Discrimination and Harassment

Discrimination and harassment claims often increase in a down economy. Learn the proper techniques for conducing proper workplace harassment investigations, providing sexual harassment training, and more to reduce claims of employment discrimination and preventing sexual harassment in the workplace.

The 11th Circuit Court of Appeals has approved new grounds for discrimination lawsuits. It recently ruled that employees who file discrimination complaints can sue for retaliation if their employers punish them with a hostile work environment.

Here’s a warning to employers that use a progressive disciplinary system: Follow it—for everyone. Cutting the process short except for good, solid reasons is asking for trouble. Performance improvement plans are a good example.

Foothill Ranch-based fashion retailer Wet Seal faces a class-action lawsuit from black current and former employees who allege an internal email complained that the company had too many black workers.
Texas employees are doing more than their share to keep the EEOC busy, filing more discrimination charges per capita than the national average.
Mokena-based United Road Towing will pay $380,000 to settle charges it discriminated against employees by terminating them at the end of their medical leaves rather than exploring possible accommodations.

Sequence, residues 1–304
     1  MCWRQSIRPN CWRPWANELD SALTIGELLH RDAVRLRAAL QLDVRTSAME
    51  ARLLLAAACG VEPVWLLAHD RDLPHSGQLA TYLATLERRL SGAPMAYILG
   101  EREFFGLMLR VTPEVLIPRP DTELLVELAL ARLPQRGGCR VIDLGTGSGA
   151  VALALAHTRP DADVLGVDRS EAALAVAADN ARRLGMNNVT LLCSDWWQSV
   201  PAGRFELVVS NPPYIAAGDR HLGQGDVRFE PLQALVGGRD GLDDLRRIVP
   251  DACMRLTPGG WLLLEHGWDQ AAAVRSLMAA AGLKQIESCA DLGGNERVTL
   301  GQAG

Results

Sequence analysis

Simply comparing the average age of workers before and after a RIF can make it look like age bias played a part in deciding who kept or lost their jobs. Laid-off employees’ attorneys routinely do that math. But employers can beat such statistical arguments by showing that their decision-making processes weren’t based on age, but on other legitimate business reasons.

The manager of a Sarasota-area OfficeMax made life so miserable for an employee who filed a racial discrimination claim that he was forced to resign, according to the EEOC. Now it’s suing on the man’s behalf.
Even an employee who was terminated for good reasons can win a discrimination lawsuit if she can show that someone outside her protected class wasn’t fired for the same transgression. That’s why you must track all discipline.

When an employee complains she is being harassed, that’s protected activity that cannot be punished. Like­­wise, complaining that a co-worker is being harassed is protected activity. But it’s not protected activity if an employee complains that someone not connected with the employer is being harassed.

For the second time in three years, YRC/Yellow Transportation will pay a huge settlement resulting from racial harassment and discrimination at a Chicagoland facility.